But for "Pride," it's really interesting because I didn't even write that for him. I wrote that in a session with Steve Lacy where just him and I were together. Kendrick and I, we've both been so busy. We haven't been able to meet up to work. I send him little, you know, voice memos. I'm always sending him little things just to be inspired by.
But when I worked with Steve on this track and I wrote that, [sings] "Me I wasn't taught to share but care." I wrote that whole thing—"In another life, I surely was there," all those harmonies, and then the refrain, "Maybe I wasn't there." That's all what I wrote with Steve.
So then for Kendrick to hear that outside of the context of us working together, and for him to want to use it, and for him to sing it—like, he's singing what I wrote. When has Kendrick ever sung or rapped something that someone else wrote? Let's find another example of that—I'm pretty sure there isn't one. Not only did the universe bring us back together so that we could collaborate again, even though it was remotely; the universe was just elevating my role to a larger place. Even though I'm on the album less, it's just as much of my soul because it's something that I wrote.
Did your voice end up making the final track?
I think that they mixed my voice and his on some of the notes, which they do for a lot of things. I can't say for sure that that's true. But I can hear myself, especially towards the end, singing, "Maybe I wasn't there," and then I sing this little refrain at the end where I go, "I saw you first." You can hear me at the end singing that.
I thought that was you!
Steve wrote the guitar part, and I wrote the lyrics and the melody and everything.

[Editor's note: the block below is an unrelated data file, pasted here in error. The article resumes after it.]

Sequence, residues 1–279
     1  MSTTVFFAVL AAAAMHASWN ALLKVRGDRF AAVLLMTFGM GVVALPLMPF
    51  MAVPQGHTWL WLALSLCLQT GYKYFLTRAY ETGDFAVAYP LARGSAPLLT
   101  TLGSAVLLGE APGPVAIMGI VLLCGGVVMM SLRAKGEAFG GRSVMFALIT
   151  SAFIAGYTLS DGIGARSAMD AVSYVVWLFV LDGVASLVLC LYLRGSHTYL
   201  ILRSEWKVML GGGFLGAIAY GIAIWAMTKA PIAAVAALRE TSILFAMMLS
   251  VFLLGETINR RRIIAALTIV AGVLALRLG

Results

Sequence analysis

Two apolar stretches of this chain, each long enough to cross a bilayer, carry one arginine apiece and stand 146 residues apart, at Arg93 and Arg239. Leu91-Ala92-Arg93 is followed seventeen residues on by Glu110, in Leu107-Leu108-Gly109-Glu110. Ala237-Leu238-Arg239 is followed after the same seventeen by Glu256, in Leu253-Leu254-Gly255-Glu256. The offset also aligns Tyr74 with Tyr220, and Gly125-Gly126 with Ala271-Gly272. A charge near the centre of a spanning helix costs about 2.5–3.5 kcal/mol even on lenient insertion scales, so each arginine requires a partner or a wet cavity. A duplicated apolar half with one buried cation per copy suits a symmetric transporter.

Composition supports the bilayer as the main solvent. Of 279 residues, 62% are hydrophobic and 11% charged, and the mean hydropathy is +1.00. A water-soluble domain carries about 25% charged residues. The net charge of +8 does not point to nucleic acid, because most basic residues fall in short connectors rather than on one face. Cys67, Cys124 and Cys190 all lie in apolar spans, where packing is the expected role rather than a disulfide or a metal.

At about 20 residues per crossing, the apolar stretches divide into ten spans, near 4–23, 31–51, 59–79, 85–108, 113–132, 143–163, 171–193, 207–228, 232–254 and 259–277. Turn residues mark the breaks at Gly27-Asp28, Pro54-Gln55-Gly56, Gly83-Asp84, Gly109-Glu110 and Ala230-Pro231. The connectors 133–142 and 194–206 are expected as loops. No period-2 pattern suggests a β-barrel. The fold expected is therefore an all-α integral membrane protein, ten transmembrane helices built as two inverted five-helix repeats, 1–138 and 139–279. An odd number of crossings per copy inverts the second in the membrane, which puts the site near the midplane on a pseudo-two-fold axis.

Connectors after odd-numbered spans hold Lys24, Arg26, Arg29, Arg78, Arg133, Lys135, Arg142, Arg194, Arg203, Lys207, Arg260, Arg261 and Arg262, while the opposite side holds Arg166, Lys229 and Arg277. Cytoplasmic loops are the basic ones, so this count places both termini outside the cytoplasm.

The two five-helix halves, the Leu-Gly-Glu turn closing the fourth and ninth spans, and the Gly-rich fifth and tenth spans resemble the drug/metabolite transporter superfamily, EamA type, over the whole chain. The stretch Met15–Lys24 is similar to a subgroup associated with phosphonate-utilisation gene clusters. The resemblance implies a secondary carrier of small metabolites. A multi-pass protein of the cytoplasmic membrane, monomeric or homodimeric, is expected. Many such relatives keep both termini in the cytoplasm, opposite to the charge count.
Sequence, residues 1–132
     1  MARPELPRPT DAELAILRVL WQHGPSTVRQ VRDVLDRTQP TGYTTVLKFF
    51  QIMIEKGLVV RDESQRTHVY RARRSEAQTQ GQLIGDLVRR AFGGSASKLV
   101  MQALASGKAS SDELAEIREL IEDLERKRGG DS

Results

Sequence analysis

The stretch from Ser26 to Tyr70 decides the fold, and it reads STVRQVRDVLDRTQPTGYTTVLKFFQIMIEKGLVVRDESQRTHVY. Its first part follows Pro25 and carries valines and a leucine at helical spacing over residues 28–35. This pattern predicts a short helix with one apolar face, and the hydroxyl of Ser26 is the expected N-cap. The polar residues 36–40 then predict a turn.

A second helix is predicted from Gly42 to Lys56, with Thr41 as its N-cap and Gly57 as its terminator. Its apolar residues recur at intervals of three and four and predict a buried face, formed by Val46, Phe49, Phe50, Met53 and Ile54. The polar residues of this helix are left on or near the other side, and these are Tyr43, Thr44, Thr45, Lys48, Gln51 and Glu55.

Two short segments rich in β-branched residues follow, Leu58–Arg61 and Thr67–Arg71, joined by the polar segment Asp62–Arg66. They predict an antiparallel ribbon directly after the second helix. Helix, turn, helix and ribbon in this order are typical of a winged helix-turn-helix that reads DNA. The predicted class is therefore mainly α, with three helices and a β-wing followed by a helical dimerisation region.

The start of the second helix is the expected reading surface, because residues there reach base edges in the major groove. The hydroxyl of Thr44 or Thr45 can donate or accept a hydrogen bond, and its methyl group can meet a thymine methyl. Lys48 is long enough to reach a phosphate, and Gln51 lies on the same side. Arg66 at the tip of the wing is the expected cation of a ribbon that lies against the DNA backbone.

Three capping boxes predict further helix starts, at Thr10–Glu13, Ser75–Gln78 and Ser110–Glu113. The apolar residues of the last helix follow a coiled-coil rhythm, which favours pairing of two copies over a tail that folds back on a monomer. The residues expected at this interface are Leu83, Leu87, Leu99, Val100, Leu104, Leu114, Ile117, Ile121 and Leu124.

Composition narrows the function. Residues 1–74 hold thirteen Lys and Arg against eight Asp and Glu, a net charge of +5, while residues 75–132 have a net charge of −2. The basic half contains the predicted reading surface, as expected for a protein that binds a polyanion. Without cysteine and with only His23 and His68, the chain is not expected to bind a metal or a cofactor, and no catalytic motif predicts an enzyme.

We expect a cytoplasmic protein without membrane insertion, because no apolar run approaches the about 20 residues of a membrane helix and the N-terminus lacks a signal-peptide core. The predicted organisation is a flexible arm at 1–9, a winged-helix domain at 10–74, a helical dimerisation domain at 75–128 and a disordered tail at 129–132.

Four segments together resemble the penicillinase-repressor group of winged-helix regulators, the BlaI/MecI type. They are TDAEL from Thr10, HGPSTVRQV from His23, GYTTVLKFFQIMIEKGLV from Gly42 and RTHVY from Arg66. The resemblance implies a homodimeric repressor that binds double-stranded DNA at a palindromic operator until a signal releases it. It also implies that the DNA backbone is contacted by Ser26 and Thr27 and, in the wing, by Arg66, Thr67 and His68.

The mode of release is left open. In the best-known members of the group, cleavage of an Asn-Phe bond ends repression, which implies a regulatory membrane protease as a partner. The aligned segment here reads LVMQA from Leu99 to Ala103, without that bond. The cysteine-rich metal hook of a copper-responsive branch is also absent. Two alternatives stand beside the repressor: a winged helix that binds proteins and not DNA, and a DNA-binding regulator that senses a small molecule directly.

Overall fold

What was going through your head when you were writing the words and the melody, since you didn't realize it was going to be for Damn?
I met with Steve with the intention of making stuff that might be on The Feminine: Act II. But often when I write, I allow the stream of consciousness to come and I sing whatever comes out. I'm not like, "This song's going to be about this." So I sang something, and then we listened back to it. Actually, what I sang when we did the demo is exactly what it is. We didn't change anything.
How did you decide to work with Steve in the first place?
I met him at a Grammy party the year that I won for "These Walls." He ran up to me like, "You're Anna Wise! Oh my God! I would love to work with you!" So we just exchanged numbers. I was kind of familiar with [his band] The Internet and who they were, but not really very much.
We didn't meet up until a year after that, and then I hit him up because I was in L.A., and Kendrick wasn't there so I couldn't go into the studio with him, and I had an off day. I was just like, "Oh yeah, I should meet up with Steve."
Since you didn't record directly with Kendrick, I'm guessing there's no more stuff from the sessions for this album? Or did you work on other songs that he used that didn't make the record?